Please wait while we process your payment
If you don't see it, please check your spam folder. Sometimes it can end up there.
Don’t have an account?
Create Your Account
Sign up for your FREE 7-day trial
Already have an account? Log in
Choose Your Plan
$4.99/month + tax
$24.99/year + tax
Save over 50% with a SparkNotes PLUS Annual Plan!
for a group?
Get Annual Plans at a discount when you buy 2 or more!
$18.74 /subscription + tax
Subtotal $37.48 + tax
on 2-49 accounts
on 50-99 accounts
You'll be billed after your free trial ends.
7-Day Free Trial
Renews March 8, 2024
March 1, 2024
Discounts (applied to next billing)
This is not a valid promo code.
(one code per order)
Annual Plan - Group Discount
SparkNotes Plus subscription is $4.99/month or $24.99/year as selected above. The free trial period is the first 7 days of your subscription. TO CANCEL YOUR SUBSCRIPTION AND AVOID BEING CHARGED, YOU MUST CANCEL BEFORE THE END OF THE FREE TRIAL PERIOD. You may cancel your subscription on your Subscription and Billing page or contact Customer Support at firstname.lastname@example.org. Your subscription will continue automatically once the free trial period is over. Free trial is available to new customers only.
For the next 7 days, you'll have access to awesome PLUS stuff like AP English test prep, No Fear Shakespeare translations and audio, a note-taking tool, personalized dashboard, & much more!
You’ve successfully purchased a group discount. Your group members can use the joining link below to redeem their group membership. You'll also receive an email with the link.
Members will be prompted to log in or create an account to redeem their group membership.
Thanks for creating a SparkNotes account! Continue to start your free trial.
Your PLUS subscription has expired
Symbols are objects, characters, figures, and colors used to represent abstract ideas or concepts.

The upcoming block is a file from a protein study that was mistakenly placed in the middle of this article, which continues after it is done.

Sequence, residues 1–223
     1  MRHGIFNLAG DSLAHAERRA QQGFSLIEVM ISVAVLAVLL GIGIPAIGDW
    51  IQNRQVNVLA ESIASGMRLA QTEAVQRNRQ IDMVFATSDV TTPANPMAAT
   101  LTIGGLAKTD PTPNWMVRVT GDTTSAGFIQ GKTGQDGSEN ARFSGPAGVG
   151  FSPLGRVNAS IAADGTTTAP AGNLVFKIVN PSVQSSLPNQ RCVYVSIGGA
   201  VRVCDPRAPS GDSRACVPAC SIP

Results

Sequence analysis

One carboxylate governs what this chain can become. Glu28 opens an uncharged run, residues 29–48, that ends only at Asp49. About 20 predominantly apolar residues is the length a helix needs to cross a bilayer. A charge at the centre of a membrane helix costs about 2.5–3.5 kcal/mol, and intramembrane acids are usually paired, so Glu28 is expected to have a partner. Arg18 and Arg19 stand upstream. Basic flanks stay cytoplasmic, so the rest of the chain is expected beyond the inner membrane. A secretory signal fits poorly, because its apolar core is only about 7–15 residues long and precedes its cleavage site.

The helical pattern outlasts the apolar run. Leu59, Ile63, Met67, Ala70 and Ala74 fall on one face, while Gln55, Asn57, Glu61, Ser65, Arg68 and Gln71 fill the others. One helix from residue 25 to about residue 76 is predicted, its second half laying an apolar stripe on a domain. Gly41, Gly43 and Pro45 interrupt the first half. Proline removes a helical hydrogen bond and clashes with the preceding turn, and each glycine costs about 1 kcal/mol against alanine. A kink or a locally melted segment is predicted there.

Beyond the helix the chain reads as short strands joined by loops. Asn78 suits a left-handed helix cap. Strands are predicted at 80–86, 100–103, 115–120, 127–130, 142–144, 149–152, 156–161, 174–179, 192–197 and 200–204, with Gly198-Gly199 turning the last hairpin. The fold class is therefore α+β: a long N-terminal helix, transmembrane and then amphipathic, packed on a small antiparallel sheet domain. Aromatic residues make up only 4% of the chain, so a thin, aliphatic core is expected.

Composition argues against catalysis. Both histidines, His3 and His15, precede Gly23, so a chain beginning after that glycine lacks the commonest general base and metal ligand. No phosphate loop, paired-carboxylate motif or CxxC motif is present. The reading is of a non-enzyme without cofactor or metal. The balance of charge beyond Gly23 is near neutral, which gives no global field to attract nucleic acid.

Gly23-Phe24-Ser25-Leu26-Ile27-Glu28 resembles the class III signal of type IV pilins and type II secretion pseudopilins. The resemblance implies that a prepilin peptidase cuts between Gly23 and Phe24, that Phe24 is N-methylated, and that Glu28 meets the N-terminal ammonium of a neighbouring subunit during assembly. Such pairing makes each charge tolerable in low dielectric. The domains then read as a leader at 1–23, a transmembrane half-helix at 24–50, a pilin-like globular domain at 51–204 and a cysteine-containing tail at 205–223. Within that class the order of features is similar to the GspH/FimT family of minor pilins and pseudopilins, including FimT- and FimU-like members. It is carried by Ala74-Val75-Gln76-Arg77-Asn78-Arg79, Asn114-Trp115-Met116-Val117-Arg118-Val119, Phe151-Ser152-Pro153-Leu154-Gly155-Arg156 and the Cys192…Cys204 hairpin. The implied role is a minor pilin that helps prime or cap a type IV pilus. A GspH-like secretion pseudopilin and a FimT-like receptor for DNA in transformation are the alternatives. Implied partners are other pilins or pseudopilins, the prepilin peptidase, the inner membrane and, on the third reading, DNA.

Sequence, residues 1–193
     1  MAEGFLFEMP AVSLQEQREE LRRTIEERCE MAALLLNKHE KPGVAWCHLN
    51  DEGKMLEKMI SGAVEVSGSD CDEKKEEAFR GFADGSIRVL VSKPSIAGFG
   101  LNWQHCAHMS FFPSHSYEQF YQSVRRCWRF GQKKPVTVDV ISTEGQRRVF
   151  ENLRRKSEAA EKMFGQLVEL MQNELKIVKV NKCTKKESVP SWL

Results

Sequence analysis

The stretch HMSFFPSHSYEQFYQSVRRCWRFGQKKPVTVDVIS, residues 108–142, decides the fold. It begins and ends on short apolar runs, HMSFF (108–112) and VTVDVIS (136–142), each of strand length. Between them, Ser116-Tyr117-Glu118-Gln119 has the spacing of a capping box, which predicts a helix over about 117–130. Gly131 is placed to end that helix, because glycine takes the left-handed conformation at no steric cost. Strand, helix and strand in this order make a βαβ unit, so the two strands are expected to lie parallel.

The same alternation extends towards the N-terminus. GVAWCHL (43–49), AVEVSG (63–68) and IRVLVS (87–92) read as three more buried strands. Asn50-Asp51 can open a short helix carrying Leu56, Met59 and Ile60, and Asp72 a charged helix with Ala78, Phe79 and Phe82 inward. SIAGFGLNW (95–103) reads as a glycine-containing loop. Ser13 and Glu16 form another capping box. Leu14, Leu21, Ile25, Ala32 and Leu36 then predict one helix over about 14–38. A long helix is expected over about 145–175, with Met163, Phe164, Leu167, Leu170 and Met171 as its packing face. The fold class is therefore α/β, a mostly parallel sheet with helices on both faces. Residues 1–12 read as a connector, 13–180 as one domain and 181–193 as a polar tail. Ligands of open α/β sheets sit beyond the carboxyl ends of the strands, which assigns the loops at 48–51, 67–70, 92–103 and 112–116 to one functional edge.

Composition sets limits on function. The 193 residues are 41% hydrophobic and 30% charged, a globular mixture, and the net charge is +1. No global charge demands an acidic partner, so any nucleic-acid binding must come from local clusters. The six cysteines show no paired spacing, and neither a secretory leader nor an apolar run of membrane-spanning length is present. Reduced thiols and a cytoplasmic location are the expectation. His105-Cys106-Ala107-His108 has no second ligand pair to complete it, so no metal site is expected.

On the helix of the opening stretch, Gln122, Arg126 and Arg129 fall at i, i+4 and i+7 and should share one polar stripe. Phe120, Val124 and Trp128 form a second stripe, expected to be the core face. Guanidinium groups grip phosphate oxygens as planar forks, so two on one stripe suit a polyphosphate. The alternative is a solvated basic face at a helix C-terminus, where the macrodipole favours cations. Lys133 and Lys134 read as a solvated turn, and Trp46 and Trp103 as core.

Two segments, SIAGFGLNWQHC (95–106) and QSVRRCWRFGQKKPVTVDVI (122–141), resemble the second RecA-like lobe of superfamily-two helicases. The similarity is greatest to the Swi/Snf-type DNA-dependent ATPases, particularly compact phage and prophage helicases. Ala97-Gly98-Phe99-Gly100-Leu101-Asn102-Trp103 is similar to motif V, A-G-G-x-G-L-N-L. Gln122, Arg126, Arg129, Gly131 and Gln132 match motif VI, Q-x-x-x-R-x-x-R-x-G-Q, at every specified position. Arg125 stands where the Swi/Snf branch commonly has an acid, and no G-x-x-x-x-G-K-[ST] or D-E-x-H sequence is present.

In the first chapter of Lucky Jim, Dixon thinks forward to his upcoming meeting with Margaret, wondering what she will wear. He decides that he can make himself compliment anything but her green Paisley dress and quasi-velvet shoes, which is, of course, what she is wearing that night. Margaret wears the dress again in Chapter 16 when she and Dixon officially break off their relationship. All of Margaret's clothing seems to be unattractive, but this dress is clearly something that Margaret likes a lot and thinks that Dixon will find attractive. The fake quality of the quasi-velvet shoes also seems to be specifically indicative of Margaret's lack of sophistication. Thus, the dress is symbolic of Margaret's unawareness when it comes to Dixon. The comedy of her wearing the one thing Dixon can't stand is also symbolic of the more general comedy of bad luck.
Mr. Welch's fishing hat and Bertrand's beret are symbolic of their pretentiousness. Mr. Welch fancies himself a man of traditional England, and therefore a man of the people, but the comedy of Professor Welch's hat lies in the implication that he has never fished in his life, or even met a fisherman, but still sees nothing amiss in wearing a fishing hat himself. Bertrand's social pretensions are more ambitious and continental, as signified by his beret. Dixon makes fun of Bertrand's beret specifically for its uselessness. It does not block rain or keep him warm, and is worn only for effect. Bertrand and Professor Welch are wearing each other's hats when Dixon meets them on the street in the final scene, and Dixon's comic enjoyment of this reversal and of the silliness of the hats more generally sums up his contemptuous feelings for the Welches throughout the novel.
Ace your assignments with our guide to Lucky Jim!